You may not have noticed in the recent news coverage about Hurricane Irene's destructive trip up the U.S. East Coast, but the longest single-span covered bridge that stood since 1855 in North Blenheim, NY succumbed to the raging Schoharie Creek pouring out of the Catskill Mountains.
Vermont's Nichols M. Powers designed and built the bridge, made from virgin pine, to span 210 feet from stone abutment to abutment. The heart of its structure was a center arch which rose up to the roof ridge pole. Because of the arch in the center of the span, there was room for a travel lane on each side—making it one of only six covered bridges with twin roadways.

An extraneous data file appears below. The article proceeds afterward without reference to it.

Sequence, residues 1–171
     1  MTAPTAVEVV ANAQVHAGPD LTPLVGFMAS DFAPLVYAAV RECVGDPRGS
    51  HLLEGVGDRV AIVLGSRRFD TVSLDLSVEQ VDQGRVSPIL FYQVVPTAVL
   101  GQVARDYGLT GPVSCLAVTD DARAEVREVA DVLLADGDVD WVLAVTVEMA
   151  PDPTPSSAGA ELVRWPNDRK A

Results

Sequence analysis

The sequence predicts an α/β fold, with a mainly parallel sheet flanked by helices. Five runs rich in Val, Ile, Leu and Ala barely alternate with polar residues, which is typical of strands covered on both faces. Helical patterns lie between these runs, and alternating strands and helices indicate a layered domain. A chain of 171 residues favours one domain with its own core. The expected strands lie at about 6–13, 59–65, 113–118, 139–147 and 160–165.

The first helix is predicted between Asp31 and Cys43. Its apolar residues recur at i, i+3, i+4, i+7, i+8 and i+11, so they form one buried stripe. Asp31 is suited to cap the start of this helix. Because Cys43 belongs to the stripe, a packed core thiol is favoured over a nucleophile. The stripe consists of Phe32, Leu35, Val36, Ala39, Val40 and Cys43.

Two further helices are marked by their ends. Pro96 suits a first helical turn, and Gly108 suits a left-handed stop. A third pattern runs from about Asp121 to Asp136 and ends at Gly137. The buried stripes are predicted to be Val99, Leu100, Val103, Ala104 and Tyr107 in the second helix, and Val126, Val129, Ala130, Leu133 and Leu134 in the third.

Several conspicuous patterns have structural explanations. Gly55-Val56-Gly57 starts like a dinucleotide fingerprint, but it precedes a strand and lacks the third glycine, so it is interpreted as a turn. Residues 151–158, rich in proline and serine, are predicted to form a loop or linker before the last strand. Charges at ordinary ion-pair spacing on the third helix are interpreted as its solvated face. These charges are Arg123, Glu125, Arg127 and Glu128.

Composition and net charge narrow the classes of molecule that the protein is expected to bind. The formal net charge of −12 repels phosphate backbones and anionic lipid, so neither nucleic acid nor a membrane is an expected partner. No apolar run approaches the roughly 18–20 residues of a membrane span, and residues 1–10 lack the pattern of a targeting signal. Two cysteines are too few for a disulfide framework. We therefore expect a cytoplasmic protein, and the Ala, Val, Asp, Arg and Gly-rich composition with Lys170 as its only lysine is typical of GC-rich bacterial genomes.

When torn from its abutments, the wooden bridge was thrown against the nearby, and recently built, steel and concrete span used for today's vehicles—leaving its metal roof panels on that bridge as its wooden structure was smashed by the impact and carried downstream.
The Blenheim Bridge was in the U.S. Registry of Historic Places. But more than an engineering icon, the bridge was also part of the lives of generations of locals and visitors who swam in the creek at the site.
View engineering drawings of the Blenheim Bridge from Library of Congress here.
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